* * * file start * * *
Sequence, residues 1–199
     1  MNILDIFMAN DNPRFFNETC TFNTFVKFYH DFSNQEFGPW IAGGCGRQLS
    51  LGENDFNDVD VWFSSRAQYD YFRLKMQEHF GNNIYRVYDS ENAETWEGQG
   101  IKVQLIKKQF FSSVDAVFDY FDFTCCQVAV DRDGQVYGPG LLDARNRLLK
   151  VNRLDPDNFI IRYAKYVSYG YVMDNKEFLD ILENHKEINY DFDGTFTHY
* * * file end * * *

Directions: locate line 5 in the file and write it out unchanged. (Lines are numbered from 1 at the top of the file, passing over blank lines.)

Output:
   151  VNRLDPDNFI IRYAKYVSYG YVMDNKEFLD ILENHKEINY DFDGTFTHY